What is .htaccess file

There is a huge range of things .htaccess can do including: password protecting folders, redirecting users automatically, custom error pages, changing your file extensions, banning users with certian IP addresses, only allowing users with certain IP addresses, stopping directory listings and using a different file as the index file.Custom Error PagesYou can use custom error pages for any error as long as you know its number (like 404 for page not found) by adding the following to your .htaccess file:

ErrorDocument errornumber /file.html

For example if I had the file notfound.html in the root direct
ory of my site and I wanted to use it for a 404 error I would use:

ErrorDocument 404 /notfound.html

If the file is not in the root directory of your site, you just need to put the path to it:

ErrorDocument 500 /errorpages/500.html

These are some of the most common errors:

401 – Authorization Required
400 – Bad request
403 – Forbidden
500 – Internal Server Error
404 – Wrong page

Then, all you need to do is to create a file to display when the error happens and upload it and the .htaccess file.

Stop A Directory Index From Being Shown

Sometimes, for one reason or another, you will have no index file in your directory. This will, of course, mean that if someone types the directory name into their browser, a full listing of all the files in that directory will be shown. This could be a security risk for your site.

To prevent against this (without creating lots of new ‘index’ files, you can enter a command into your .htaccess file to stop the directory list from being shown:

Options –Indexes

Deny/Allow Certian IP Addresses

You can block an IP address by using:

deny from

where is the IP address. If you only specify 1 or 2 of the groups of numbers, you will block a whole range.

You can allow an IP address by using:

allow from

where is the IP address. If you only specify 1 or 2 of the groups of numbers, you will allow a whole range.

If you want to deny everyone from accessing a directory, you can use:

deny from all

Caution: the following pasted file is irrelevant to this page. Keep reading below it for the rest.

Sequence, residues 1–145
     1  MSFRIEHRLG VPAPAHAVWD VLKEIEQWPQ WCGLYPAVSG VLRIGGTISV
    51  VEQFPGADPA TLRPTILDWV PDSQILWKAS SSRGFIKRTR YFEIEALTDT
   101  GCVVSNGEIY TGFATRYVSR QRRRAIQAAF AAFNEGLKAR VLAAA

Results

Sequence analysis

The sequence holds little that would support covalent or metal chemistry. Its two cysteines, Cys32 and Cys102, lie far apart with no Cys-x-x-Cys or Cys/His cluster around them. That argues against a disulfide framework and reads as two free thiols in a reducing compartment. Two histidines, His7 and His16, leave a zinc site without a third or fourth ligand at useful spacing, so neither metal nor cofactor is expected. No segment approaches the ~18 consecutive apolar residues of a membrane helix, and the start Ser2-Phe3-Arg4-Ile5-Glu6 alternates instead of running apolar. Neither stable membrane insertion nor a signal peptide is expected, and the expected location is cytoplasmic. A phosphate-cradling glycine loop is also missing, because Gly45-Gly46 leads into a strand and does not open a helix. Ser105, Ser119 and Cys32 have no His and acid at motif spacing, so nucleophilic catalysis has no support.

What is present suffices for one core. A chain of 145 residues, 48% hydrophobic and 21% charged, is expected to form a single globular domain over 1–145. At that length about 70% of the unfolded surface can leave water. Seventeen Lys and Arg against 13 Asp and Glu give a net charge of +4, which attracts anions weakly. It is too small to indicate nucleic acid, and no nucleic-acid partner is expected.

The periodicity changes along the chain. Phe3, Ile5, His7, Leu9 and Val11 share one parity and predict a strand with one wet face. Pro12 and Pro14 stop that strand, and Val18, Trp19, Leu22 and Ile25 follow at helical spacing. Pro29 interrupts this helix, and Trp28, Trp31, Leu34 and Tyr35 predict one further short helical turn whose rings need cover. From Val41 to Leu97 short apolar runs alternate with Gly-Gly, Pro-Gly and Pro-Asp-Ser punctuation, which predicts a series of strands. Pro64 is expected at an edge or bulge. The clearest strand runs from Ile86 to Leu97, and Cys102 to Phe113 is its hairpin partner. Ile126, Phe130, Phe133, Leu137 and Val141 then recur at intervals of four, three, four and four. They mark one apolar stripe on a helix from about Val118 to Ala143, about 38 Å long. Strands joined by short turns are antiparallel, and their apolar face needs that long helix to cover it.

but this will still allow scripts to use the files in the directory.

Alternative Index Files

You may not always want to use index.htm or index.html as your index file for a directory, for example if you are using PHP files in your site, you may want index.php to be the index file for a directory. You are not limited to ‘index’ files though. Using .htaccess you can set foofoo.blah to be your index file if you want to!

Alternate index files are entered in a list. The server will work from left to right, checking to see if each file exists, if none of them exisit it will display a directory listing (unless, of course, you have turned this off).

DirectoryIndex index.php index.php3 messagebrd.pl index.html index.htm


Redirect /location/from/root/file.ext http://www.othersite.com/new/file/location.xyz

You can also redirect whole directoires of your site using the .htaccess file, for example if you had a directory called olddirectory on your site and you had set up the same files on a new site at: http://www.newsite.com/newdirectory/ you could redirect all the files in that directory without having to specify each one:

Redirect /olddirectory http://www.newsite.com/newdirectory

Password Protection

AuthName “Section Name”
AuthType Basic
AuthUserFile /full/path/to/.htpasswd
Require valid-user

There are a few parts of this which you will need to change for your site. You should replace “Section Name” with the name of the part of the site you are protecting e.g. “Members Area”.

The /full/parth/to/.htpasswd should be changed to reflect the full server path to the .htpasswd file (more on this later).

Create .htpasswd file

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